1 year of operations : Meet the CHEOPS science operations team
To ensure the smooth running of the CHEOPS mission once the satellite is in orbit, operations have been split in two parts : Science Operations in Switzerland with the Scientific Operations Centre (SOC) in Geneva and the Instrument Team in Bern, and the Mission Operations Centre (MOC) in Torrejón, Spain, which is in charge of communication with the satellite and spacecraft health. The overall lead of the mission rests with the mission manager in Bern.
While the SOC team must plan the observations and compute the spacecraft pointings, it must also receive the telemetry data, generate image files containing the flux of the observed star, and then extract a light curve from the images in a process known as data reduction. The data must then be archived and made available to the scientific community. Also the instrument has to be constantly monitored and the observations optimized. But who are the Science Operations team people working in Switzerland and what are their responsibilities?
The SOC team in Geneva
Mathias Beck, who is in charge of the team in Geneva, is responsible for problem solving, administrative tasks, such as planning technical activities, writing reports, funding and holidays. He has regular contact with ESA, for example when there is an alert for a possible collision with debris floating in space. The Space Debris Office issues an opinion and it is the consortium under the direction of Christopher Broeg, the mission manager, that takes the decision whether or not to move the satellite, as was the case in November, when it was necessary to change orbit, or in February, when it was considered that the danger was negligible. Mathias Beck, a physicist by formation, is well aware of all the constraints and problems associated with the use and maintenance of a scientific satellite.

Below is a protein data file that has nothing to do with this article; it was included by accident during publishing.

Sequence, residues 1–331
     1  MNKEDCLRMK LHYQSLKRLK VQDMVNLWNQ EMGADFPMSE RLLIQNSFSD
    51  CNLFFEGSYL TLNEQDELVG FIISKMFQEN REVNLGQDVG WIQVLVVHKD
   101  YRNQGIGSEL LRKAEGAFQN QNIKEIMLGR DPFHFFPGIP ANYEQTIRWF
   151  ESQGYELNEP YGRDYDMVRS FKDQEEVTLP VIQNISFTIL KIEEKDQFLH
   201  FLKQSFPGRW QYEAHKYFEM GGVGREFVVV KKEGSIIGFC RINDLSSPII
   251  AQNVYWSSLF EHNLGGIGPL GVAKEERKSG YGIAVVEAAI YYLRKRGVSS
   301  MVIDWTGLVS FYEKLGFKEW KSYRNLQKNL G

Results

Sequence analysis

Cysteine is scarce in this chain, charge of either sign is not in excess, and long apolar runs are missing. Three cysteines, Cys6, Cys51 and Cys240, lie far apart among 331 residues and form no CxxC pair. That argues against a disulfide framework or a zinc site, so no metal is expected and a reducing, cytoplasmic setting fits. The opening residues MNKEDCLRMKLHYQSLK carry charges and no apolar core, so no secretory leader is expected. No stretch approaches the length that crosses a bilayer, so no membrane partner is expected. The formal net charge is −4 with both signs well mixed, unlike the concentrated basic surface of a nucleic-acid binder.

After working at CERN for 5 years to obtain a doctorate in experimental particle physics from the University of Heidelberg and a short excursion into industry, he was hired in 1999 for the INTEGRAL space mission and 2007 for the Gaia mission at the Department of Astronomy of the Unige, where he became the IT manager for 3 years. It is therefore quite natural that Didier Queloz and Willy Benz entrusted him with the responsibility of the SOC in Geneva and the coordination of development between the SOC and the MOC. The team for which he is responsible now consists of Nicolas Billot, Anja Bekkelien and David Fuytan in Geneva.